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Port of Cape Town tackles challenges, maps improvement plan

Posted on January 10, 2024

The Port of Cape Town has taken action to tackle technical issues causing delays in deliveries.

Measures include acquiring equipment to stabilize vessels during adverse weather, implementing a helicopter piloting service for efficiency, and conducting in-depth research for a more accurate wind predictive model.

Rajesh Dana, Cape Town Port manager, says he is determined for the port to regain its position as a leading global port. ‘The Port of Cape Town has adopted an approach of proactively collaborating with the entire transport logistics chain.

‘We have put in place a platform for collaboration with all members of the maritime transport logistics chain — including not only the terminal operators and those entities who offer services in the port but, importantly, the trucking associations, the shipping lines and the cargo owners.

‘We have formulated eight focus areas that are challenging the port and have co-created solutions to address those. We started this collaborative approach early in 2022 and it has grown in leaps and bounds since then.’

South African ports have faced criticism due to congested roads, long truck queues, and extended ship waiting times. Loadshedding has also been identified as a major setback.

Wind disruption

As per the Mail & Guardian, the Port of Cape Town loses up to 1 200 operational hours each year due to wind disruptions.

Global shipping company Maersk recently announced plans to bypass Cape Town, opting for Mauritius for cargo offloading to improve reliability and transit time. Dana says weekly discussions with a cross-section of the transport logistics chain are held to ‘reflect on the week’s performance and integrate our operational plans for the week ahead’.

‘We’ve also activated an SMS notification system and a dashboard per shift, which gives the entire industry a view of the operations that took place on that shift and the exact marine services that were in place, including the number of completed shipping moves and delays and challenges in the terminals, such as equipment outages.

‘We also share all the vessels out at anchorage at 7am and 7pm daily; the envisaged movements in the coming shift; details regarding the dry docking plans; and details of all vessels in the port.’

Dana noted that the planned Culemborg Intermodal Logistics Precinct adjacent to the port would be a game-changer, enhancing capacity and efficiency. The phased development project is set to commence in mid-2024.

To address wind disruptions, the Port has procured hydraulic shore-tension units and partnered with the Council for Scientific and Industrial Research (CSIR) to develop a predictive wind model. Measures also include a helicopter piloting service to counteract high swells.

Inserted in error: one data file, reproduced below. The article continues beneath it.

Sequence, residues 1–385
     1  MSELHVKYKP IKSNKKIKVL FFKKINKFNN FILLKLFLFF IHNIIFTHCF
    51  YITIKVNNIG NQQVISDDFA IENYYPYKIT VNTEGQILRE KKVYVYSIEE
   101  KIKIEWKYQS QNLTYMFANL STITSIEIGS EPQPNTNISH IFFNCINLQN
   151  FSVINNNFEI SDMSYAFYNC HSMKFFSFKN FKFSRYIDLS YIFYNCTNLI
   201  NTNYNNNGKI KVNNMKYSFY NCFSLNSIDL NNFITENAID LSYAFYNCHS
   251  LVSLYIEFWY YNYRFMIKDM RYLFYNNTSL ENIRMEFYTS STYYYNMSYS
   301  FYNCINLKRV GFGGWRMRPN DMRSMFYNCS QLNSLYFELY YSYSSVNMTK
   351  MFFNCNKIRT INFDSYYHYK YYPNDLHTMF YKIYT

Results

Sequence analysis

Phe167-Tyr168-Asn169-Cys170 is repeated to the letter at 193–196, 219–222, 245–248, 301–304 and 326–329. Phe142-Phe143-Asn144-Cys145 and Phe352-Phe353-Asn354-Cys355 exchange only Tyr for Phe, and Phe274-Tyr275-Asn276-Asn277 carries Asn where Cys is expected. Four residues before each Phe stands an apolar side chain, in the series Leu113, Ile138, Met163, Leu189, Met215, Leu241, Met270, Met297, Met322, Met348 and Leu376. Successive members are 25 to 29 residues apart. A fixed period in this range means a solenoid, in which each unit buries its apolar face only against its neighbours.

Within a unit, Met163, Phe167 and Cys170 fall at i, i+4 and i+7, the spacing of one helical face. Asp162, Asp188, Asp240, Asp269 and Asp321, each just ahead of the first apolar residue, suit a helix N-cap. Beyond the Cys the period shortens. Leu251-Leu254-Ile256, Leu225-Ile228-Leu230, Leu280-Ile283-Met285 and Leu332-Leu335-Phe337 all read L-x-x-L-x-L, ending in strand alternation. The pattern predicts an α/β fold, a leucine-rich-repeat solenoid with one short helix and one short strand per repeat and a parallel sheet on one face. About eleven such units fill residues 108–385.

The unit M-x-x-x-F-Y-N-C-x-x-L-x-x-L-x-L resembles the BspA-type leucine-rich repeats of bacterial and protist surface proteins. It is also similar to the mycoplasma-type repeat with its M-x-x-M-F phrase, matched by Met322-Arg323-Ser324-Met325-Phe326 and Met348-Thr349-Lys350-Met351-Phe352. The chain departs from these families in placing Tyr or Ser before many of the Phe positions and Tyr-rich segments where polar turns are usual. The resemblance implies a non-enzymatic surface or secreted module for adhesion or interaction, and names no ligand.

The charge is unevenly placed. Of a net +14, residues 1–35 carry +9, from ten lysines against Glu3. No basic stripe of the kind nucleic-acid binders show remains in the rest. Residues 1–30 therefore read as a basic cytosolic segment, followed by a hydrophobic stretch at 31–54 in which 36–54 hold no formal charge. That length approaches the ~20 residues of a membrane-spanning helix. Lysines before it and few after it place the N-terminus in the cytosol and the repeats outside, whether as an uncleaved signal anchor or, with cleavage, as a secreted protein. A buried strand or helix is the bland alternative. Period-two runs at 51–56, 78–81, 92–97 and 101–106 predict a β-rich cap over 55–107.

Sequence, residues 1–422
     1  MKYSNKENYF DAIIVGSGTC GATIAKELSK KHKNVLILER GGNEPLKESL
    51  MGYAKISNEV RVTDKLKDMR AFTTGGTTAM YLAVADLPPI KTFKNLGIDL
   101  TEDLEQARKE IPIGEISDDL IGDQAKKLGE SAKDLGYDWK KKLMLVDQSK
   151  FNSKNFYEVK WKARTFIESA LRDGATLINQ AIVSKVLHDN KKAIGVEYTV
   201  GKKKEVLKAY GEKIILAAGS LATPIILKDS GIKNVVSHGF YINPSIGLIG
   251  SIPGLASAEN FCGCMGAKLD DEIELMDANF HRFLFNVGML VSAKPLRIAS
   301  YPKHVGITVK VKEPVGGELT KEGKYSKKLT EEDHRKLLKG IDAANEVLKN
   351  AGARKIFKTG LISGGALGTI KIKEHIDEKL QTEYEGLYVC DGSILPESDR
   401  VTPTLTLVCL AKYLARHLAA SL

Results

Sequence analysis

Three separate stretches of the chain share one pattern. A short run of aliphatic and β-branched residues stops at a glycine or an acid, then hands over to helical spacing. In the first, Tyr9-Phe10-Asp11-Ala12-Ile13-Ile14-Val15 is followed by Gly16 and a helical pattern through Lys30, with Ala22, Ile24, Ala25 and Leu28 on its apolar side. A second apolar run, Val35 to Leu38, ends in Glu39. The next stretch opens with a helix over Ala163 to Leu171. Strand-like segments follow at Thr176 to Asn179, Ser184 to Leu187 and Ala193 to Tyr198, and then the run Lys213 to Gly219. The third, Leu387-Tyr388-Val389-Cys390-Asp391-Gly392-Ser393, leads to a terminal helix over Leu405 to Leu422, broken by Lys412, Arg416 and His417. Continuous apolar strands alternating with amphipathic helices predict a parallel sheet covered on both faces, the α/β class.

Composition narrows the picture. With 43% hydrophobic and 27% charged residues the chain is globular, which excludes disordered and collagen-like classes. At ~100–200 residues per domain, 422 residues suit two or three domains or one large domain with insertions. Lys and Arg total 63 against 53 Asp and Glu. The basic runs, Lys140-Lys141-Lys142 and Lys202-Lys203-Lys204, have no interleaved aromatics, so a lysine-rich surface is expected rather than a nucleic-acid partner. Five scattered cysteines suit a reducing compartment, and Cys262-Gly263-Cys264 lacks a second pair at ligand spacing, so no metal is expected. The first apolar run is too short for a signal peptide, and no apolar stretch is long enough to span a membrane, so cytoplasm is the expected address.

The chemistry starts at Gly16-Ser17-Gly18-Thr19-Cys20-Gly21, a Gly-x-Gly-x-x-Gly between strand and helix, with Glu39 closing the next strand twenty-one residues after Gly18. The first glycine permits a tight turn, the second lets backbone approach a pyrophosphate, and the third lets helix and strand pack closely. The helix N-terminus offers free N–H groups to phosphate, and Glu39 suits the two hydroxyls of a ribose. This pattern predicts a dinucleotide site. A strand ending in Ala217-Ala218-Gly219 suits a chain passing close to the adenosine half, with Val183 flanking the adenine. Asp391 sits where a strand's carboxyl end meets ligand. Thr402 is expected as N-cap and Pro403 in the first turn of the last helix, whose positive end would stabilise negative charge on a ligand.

‘The third element of adverse weather is wind, which restricts the ability to bring vessels into port and hampers cargo operations,’ says Dana. ‘To this end, the port has partnered with the CSIR, which is developing a predictive model for wind ‘so we can better understand and anticipate wind outages to plan around them.

‘We also asked them to investigate infrastructure engineering solutions that would be more resilient to the wind and terminal equipment that is more resistant to the wind, and for them to formulate an optimal recovery plan in the inevitability of a wind stoppage of operations.’

Truck operations

Dana adds that interventions in truck operations involve establishing a truck staging facility and advocating for night runs to smooth the flow of trucks. ‘While the port is operational 24/7 our terminal operations as well as the port authority do not operate 24/7, resulting in extreme peaks during the day, and a very low take-up at night. We are working to smooth the inflow and outflow of trucks by using available capacity and slots at night.’

He is in discussions with Maersk to understand their decision to bypass Cape Town, with corrective actions planned based on the investigation. ‘Borne out of that deep dive into the reasons, we will implement corrective action. I have initiated discussions with Maersk and hope to meet them soon to understand how we can better service them.’

Despite the challenges, Dana remains optimistic that these measures will enhance operations at the Cape Town port, emphasizing the port’s vital role in the country’s economic growth, job creation, and poverty alleviation.

‘I have full appreciation that we can make meaningful differences in the lives of all South Africans by ensuring an efficient port, as this will directly contribute to (…) economic growth, job creation and poverty alleviation and, more practically, reduce the cost of living radically.

‘The port touches every person, from the most affluent importing high-value commodities to those exporting the blood, sweat and tears of their labour. We form an integral part of that value chain and it’s a responsibility we don’t take lightly. It drives my passion for getting the port to maximum efficiency.’


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